I’ve been sitting with this, what it means to be sober for nearly six months, while eyeballs deep in a global shitshow smothered in WTF sauce, astonished at how different (and ultimately, harder but for all the right reasons) it is to be clear-minded and connected to all my senses, rather than numbed and cut off while in crisis mode: learning, reading, aching, confronting, challenging, replacing, listening, crying, reflecting, feeling, sleeping, watching, breathing, moving, unearthing, planting, recognizing, dismantling, reframing, replanting, nourishing, hydrating, walking, observing, sitting, sitting, sitting…

I’ve been sitting with this for far too long, as I continue the hard work to bring love and connections, compassion and grace, forgiveness and understanding back into my life after the senseless loss of my husband: grieving, hurting, crying, hurtling, reaching, moving, thrashing, grieving, reading, raging, running, gasping, crying, writing, walking, talking, learning, questioning, shifting, running, raging, moving, stopping, starting, falling, grieving, reading, rebuilding, learning, stumbling, fumbling, trying, raging, denying, grieving, bartering, raging, redoing, destroying, uprooting, reinventing, writing, reading, growing, sitting/collapsing, sitting/collapsing, sitting/collapsing…

It’s only been by sitting with all of this, that I am able to see the connections from my personal experiences to the larger picture…this might be why I’ve always had such a visceral aversion to “everything happens for a reason” platitude; because it’s used more like an excuse to not do anything different, rather than a call for real growth (which requires real, hard work).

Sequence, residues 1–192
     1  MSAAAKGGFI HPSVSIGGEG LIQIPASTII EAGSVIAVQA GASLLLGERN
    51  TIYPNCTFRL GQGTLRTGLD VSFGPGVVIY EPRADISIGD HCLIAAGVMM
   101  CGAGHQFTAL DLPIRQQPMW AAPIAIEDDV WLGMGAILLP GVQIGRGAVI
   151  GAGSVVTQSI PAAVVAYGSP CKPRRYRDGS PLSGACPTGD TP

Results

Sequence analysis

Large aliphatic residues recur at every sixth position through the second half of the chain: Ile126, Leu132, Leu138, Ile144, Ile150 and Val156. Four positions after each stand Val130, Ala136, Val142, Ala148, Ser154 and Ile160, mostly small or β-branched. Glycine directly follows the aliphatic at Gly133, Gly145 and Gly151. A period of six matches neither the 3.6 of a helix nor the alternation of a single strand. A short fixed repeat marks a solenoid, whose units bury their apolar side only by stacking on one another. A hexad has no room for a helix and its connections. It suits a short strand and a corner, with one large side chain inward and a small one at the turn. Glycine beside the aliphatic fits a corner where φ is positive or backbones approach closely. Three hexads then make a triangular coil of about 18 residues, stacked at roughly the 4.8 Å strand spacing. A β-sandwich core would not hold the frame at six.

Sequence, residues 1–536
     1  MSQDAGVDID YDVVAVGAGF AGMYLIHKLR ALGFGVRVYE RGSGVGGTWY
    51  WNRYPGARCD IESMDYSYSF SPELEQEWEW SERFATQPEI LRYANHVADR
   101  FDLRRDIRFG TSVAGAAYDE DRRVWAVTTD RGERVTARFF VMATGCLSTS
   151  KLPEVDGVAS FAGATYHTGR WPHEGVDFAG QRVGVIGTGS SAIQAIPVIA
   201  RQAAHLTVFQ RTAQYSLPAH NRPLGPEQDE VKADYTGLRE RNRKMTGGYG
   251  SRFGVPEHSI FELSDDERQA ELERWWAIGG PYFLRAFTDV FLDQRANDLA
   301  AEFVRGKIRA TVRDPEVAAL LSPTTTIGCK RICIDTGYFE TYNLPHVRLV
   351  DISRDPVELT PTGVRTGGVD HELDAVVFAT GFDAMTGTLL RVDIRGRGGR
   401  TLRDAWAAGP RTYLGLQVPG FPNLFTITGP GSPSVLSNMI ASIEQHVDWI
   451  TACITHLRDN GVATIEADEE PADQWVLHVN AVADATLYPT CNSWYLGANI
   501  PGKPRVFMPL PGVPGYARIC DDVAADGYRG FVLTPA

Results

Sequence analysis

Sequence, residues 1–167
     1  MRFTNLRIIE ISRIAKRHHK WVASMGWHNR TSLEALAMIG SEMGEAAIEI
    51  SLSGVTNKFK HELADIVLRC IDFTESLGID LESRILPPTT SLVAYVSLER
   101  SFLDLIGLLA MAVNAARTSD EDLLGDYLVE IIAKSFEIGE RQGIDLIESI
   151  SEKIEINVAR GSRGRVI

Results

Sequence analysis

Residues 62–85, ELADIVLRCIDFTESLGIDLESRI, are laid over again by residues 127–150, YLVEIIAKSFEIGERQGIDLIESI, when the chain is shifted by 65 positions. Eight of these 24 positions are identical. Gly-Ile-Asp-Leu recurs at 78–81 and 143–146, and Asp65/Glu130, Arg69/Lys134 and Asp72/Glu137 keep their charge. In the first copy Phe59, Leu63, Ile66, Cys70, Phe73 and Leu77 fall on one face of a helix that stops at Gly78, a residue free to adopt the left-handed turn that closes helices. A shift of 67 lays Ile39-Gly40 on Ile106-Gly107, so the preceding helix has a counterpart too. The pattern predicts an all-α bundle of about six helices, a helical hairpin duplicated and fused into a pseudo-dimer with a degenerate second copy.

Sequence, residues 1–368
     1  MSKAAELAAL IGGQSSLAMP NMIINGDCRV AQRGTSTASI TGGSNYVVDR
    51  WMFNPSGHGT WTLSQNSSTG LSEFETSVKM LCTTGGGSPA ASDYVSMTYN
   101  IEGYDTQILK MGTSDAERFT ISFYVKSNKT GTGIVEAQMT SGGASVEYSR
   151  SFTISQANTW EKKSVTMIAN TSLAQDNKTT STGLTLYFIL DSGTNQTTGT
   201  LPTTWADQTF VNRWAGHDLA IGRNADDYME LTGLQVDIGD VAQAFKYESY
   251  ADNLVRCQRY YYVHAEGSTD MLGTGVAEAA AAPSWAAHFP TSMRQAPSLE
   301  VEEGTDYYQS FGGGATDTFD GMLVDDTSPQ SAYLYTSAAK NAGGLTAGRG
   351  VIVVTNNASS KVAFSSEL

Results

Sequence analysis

Prior to Bob’s death, I didn’t sit with much of anything for very long. I’m 100% certain I believed and vehemently proclaimed, “everything happens for a reason” back then. I’m also certain that I’ve said things like, “I don’t even see color/I don’t care what you sexual orientation is!” or “I’m not racist/homophobic,” or “I don’t understand why blocking a highway is going to change anyone’s mind—they’re only pissing people off.” If it was too uncomfortable, too complex, too overwhelming, too humbling to reveal how little I knew, too embarrassing to admit when I was wrong—where/how/why do I even begin to confront the beliefs? My answer to conflict has often been the opposite of sitting—any variation on the verb run (it’s stunning and sometimes sneaky, the various forms that running can take. It can look like silence, or obstinance about opinions, or staying blissfully, willfully ignorant to things that don’t directly affect you; it might be overworking or over drinking, or eating or medicating, or dismissing or going to church or any other possible incarnation). I learned my running/turning away skill at an early age, a coping mechanism to a turbulent upbringing that included not just my own immediate family but the community in which I was raised. While it did well to protect me as a young child, this well-honed skill became more of a liability as I got older. It took the death of my husband to initiate a rite of stillness, the ability to stay with something instead of bolting at the first sign of discomfort. But it didn’t come easily. It still doesn’t. I have far more experience running than I do with staying. I will forever be a dilemma of motion and stillness, but I’m also coming to recognize that staying is essential if I really wish to be a part of the change that is desperately presenting itself to us/me right here, right now. In spite of all that, I’d still bitch-slap anyone into next week (metaphorically, of course) if they told me my husband’s gruesome death was the reason I came to this stage of enlightenment.